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Tuesday, December 10, 2013

Monkton Chronicle Archives

Monkton Chronicles Archives from the sidebar.

Eventually I have to clean out the Monkton Chronicles...
Archived for the record.


Archives...still relevant as long as we fight the pipeline extension into Addison county...

Late November 2013.



The cold came in with successive blasts chilling to the bone.



Ison Headed into the Sun and still waiting for the upshot of that comet. Fun it coincided with Thanksgiving plus Chanuka all on the same day.



The turkey & trimmings are in the oven, cats lazy, giving thanks for warmth, food, Pets, Friends & Family. Now if you have no interest in natural gas, oil drilling or geology, stop reading now...



>>>>>>>>>>>>>>>>>>>>>>>>>>>



Been meaning to peruse these articles regarding natural gas, oil drilling in the Champlain Valley, seriously...1960 ish...



http://www.anr.state.vt.us/dec/geo/pdfdocs/Oil%20and%20Gas%20in%20VT.pdf



and



http://www.anr.state.vt.us/dec/geo/pdfdocs/VT%20and%20Quebec%20Potential%20QOGA3.pdf


Guest editorial from the front porch forum,

My neighbor:



Gas Metropoly?

Jane Palmer – Rotax Rd

Lately I feel I am living a Vermont version of the game, Monopoly. Instead of the four railroads, there are four utilities; Green Mountain Power, CVPS, VELCO, and Vermont Gas. Replacing Monopoly's two utility squares are “Green Energy” squares, where if you land, you pay a fee that is invested in alternative energy. These squares make you feel like you are doing something to help combat climate change. Actually, the money you invest goes to the utilities who sell Renewable Energy Credits to other states still burning fossil fuels. Indirectly, your fee on the “Green Energy” squares in turned to profit for the utilities. The “Free Parking” space is a “Free Hunting and Fishing” space. (about as common as free parking in Burlington or Montpelier.) The rest of the squares are much the same as in the original Monopoly game, only with more “Vermonty” names like Hardscrabble Road, Smuggler's Notch, Pleasant Valley, The McCullough Turnpike etc.

In this game, instead of playing with siblings or friends, I am being be forced to play with several large corporations that own most of the properties on the board at the start of the game. One Canadian corporation, Gaz Metro, owns all of the utilities as well as a few other key properties. (This is the equivalent of one player owning all four of the Railroads on the original game.)

On my first turn, I draw a card from the “Community Chest” that says, “Gas pipeline coming through your town, pay thousands of dollars in legal and professional fees.” Next turn I draw another one that says “Lost wages due to fighting the pipeline”. All the while, the other non-corporate players and I keep landing on the squares that Gaz Metro owns. Gaz Metro smiles as he takes our money. He tells us all not to feel bad, that it's all for the “public good” He will use our money to build new infrastructure...new infrastructure that will require all players give him more money when we land on his squares. “Not to worry,” he says...”This money will go toward investments in 'clean' energy.” The “clean” energy he is referring to however, is a fossil fuel that is extracted by extreme methods that pollute the earth.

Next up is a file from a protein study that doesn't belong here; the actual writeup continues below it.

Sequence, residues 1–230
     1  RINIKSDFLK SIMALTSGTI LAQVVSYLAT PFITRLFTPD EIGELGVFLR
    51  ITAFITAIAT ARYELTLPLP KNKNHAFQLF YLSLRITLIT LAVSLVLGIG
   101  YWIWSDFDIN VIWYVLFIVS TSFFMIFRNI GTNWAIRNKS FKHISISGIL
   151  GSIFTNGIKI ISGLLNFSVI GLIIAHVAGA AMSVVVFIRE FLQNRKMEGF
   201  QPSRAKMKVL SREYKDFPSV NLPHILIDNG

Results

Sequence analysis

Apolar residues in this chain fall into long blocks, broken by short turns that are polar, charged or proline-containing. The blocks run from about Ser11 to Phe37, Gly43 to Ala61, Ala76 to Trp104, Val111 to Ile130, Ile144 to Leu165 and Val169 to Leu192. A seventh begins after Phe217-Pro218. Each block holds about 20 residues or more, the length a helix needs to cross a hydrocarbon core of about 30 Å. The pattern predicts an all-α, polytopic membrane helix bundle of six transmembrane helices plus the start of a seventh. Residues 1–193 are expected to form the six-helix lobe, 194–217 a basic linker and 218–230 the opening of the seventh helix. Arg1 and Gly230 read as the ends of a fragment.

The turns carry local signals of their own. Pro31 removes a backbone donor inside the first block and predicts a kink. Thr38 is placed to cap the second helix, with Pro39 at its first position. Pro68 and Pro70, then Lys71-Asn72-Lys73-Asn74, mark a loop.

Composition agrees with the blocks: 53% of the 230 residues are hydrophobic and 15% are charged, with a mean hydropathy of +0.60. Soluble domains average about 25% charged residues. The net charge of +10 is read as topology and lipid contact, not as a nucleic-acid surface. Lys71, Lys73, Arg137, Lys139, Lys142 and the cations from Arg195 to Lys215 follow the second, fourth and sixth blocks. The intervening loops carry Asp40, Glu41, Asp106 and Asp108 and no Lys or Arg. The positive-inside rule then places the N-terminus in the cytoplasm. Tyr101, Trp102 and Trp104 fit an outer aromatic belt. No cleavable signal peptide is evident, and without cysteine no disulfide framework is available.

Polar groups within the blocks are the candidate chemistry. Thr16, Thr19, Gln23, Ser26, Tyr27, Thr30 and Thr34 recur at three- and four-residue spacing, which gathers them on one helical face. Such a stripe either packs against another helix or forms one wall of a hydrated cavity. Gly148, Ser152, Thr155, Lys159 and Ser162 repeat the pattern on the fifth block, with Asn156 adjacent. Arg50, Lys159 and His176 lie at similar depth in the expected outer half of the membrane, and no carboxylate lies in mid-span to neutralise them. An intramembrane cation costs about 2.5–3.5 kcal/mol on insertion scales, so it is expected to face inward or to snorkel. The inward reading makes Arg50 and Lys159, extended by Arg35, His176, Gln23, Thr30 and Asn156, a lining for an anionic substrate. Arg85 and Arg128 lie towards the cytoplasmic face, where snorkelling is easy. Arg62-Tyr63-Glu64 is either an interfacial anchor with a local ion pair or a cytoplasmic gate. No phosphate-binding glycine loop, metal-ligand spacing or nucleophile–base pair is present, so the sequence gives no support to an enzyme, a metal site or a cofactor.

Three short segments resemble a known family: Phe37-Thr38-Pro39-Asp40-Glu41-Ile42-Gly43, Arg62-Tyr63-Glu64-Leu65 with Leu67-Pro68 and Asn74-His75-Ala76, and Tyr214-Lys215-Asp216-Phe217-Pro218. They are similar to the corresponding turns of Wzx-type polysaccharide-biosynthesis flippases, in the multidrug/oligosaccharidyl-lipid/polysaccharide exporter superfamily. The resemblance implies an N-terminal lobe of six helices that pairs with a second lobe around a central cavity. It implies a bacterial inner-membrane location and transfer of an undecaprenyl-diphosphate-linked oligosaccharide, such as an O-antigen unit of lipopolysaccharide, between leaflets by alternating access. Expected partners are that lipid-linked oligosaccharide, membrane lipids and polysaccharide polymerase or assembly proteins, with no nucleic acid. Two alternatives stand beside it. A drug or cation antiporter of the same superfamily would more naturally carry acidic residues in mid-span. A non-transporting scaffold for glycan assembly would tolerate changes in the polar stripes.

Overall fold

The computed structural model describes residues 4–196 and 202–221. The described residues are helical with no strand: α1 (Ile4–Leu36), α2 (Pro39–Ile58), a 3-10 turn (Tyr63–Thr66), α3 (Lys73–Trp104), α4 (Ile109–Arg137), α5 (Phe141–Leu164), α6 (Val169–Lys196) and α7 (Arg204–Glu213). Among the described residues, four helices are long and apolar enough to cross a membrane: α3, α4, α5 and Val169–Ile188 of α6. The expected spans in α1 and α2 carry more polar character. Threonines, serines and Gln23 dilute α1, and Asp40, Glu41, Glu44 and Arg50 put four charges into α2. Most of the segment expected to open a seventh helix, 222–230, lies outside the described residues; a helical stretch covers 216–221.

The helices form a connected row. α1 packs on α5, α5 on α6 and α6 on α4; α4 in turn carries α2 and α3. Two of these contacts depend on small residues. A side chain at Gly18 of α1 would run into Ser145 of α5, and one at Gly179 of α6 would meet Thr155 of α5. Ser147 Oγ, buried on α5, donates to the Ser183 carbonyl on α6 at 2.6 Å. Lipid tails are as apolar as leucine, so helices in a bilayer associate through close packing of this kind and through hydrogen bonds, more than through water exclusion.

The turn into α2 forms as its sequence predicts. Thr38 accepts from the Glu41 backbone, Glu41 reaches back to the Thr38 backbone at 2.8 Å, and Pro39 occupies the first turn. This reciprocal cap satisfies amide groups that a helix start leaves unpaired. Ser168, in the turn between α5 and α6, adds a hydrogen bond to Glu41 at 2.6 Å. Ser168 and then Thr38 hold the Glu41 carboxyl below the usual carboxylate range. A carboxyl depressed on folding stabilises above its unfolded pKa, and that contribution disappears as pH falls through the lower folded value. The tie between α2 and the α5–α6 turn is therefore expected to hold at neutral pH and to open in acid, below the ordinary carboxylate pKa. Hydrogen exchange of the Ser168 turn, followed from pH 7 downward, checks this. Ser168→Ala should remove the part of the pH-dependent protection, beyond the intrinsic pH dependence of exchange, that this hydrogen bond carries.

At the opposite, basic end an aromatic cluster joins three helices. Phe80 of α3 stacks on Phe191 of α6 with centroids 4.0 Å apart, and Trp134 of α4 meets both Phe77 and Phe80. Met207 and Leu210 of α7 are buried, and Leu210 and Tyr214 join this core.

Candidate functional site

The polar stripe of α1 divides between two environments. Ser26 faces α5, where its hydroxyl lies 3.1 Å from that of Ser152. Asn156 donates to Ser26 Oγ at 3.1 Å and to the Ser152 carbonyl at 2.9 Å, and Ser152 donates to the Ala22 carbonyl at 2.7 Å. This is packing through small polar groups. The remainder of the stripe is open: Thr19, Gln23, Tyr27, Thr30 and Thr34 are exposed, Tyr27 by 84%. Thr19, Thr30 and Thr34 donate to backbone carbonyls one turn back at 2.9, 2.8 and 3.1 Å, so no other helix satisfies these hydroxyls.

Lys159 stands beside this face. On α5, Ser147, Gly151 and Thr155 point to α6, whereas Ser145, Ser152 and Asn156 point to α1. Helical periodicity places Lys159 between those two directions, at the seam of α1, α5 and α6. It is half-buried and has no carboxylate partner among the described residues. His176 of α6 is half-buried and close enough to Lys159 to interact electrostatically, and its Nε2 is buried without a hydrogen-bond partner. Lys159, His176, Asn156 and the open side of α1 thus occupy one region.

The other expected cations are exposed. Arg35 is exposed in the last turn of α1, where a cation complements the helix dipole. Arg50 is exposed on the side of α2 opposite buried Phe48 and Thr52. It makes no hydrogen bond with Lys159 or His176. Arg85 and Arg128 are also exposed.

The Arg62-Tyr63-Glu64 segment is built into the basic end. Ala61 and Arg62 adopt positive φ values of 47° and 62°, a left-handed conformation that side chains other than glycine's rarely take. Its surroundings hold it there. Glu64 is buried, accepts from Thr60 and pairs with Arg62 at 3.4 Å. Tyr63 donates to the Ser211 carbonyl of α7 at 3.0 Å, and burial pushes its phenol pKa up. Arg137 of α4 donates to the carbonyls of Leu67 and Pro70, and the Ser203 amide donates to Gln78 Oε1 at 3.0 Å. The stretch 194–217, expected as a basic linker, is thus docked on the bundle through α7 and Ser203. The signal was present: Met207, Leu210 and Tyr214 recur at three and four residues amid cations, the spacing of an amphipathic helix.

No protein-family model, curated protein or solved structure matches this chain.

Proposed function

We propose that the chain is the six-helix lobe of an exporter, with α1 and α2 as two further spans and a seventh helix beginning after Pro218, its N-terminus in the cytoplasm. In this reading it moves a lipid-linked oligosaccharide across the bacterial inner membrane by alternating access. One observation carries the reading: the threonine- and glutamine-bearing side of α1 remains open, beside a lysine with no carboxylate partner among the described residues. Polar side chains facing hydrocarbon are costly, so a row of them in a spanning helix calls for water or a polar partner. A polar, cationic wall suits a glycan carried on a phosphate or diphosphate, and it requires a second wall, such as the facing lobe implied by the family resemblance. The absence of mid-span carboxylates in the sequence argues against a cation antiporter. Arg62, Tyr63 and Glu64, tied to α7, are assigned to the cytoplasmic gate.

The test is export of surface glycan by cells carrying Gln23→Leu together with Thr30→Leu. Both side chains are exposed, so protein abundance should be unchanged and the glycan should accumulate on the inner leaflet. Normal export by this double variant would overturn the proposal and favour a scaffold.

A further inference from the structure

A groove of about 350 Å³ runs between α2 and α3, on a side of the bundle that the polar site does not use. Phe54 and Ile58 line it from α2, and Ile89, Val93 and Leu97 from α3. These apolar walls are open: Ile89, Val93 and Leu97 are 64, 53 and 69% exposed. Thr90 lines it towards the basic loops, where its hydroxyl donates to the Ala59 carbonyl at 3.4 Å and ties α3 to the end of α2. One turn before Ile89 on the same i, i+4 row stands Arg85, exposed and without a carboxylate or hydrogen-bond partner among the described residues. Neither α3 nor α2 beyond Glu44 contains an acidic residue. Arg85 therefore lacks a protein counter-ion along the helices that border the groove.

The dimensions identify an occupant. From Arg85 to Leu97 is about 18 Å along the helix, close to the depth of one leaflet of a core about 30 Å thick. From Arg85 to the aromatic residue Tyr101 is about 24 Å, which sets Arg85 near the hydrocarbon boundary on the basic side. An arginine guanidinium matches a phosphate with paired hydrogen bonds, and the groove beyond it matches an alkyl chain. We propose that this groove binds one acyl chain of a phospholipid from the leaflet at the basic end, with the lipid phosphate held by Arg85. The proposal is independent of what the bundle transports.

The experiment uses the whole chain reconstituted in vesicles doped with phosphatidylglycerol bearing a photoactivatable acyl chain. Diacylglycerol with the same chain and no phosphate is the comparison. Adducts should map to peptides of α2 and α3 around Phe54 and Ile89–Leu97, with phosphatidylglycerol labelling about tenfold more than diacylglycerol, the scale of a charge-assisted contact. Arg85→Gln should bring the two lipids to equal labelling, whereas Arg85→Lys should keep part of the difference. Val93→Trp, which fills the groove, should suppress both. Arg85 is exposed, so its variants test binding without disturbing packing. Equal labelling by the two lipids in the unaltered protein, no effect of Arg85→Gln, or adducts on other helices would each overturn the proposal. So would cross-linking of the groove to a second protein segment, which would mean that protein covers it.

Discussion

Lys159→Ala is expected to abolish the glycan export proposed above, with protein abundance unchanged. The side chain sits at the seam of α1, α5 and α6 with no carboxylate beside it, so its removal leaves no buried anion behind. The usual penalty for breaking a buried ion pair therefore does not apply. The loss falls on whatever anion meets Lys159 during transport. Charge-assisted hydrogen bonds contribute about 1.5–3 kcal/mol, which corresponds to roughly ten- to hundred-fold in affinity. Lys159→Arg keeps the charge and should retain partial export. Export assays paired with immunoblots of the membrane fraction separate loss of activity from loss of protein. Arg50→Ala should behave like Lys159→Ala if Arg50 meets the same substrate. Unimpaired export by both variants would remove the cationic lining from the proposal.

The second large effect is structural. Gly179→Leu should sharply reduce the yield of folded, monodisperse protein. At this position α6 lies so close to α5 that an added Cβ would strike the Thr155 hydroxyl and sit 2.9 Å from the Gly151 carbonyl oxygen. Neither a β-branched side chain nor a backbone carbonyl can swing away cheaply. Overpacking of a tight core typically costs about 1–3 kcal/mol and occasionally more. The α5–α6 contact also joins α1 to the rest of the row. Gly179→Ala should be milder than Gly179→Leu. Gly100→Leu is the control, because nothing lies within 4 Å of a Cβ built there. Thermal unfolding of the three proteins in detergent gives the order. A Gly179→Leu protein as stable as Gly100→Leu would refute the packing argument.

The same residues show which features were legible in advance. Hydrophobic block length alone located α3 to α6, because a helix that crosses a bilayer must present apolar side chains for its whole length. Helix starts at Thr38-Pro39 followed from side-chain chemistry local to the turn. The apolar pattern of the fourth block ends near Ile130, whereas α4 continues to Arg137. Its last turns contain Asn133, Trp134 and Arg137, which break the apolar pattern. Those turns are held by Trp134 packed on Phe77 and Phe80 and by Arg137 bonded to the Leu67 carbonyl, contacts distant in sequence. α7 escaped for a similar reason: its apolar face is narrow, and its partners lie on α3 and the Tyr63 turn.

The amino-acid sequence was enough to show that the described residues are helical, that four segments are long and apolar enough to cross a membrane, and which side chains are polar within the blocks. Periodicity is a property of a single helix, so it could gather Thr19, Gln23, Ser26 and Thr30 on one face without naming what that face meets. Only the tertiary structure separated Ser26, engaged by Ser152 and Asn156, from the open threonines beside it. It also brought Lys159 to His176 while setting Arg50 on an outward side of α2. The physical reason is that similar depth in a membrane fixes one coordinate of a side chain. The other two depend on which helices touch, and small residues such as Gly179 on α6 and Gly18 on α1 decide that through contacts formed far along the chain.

In the “Chance” cards, there are several cards that say. “Pipeline sited across your property, collect $5” which may sound like good thing, because, after all, this is a game and you won't really have to host a pipeline, right? But then you read the fine print and it says your most valuable property would be immediately and severely devalued. (Think Park Place and Boardwalk suddenly worth less than Baltic and Mediterranean Ave.) Several cards say things like, “Path of pipeline cuts across your sugarbush, orchard, or newly planted berry bush field, you get $5, but lose all future potential income”. I draw another card that says, “Property taxes due. Pay $1000 on land you can no longer use.” And another one, “Fight with town to lower property taxes on easement-encumbered land. You lose. Pay $100.”

There are also cards that say things like “Take a hike up Snake Mountain, enjoy the view” or “On a clear night, stare at the stars” and “Go fishing on Lake Champlain” But no money comes with those cards. You still only get the $200 for passing go and the rents on the measly properties you have left. It's not enough to live on. I watch as my cash dwindles....I draw another card from the Community Chest and it says, “The Public Service Board grants Certificate of Public Good to owner of utilities.” This is the ultimate death card to any player that does not own all the utilities but to Gaz Metro it means that it can grab any property that it desires by using eminent domain. Our government will even assist in the condemnation. Give up your hopes of hanging on to the land you need or value. Say goodbye to the prospect of curtailing climate change. The future is grim.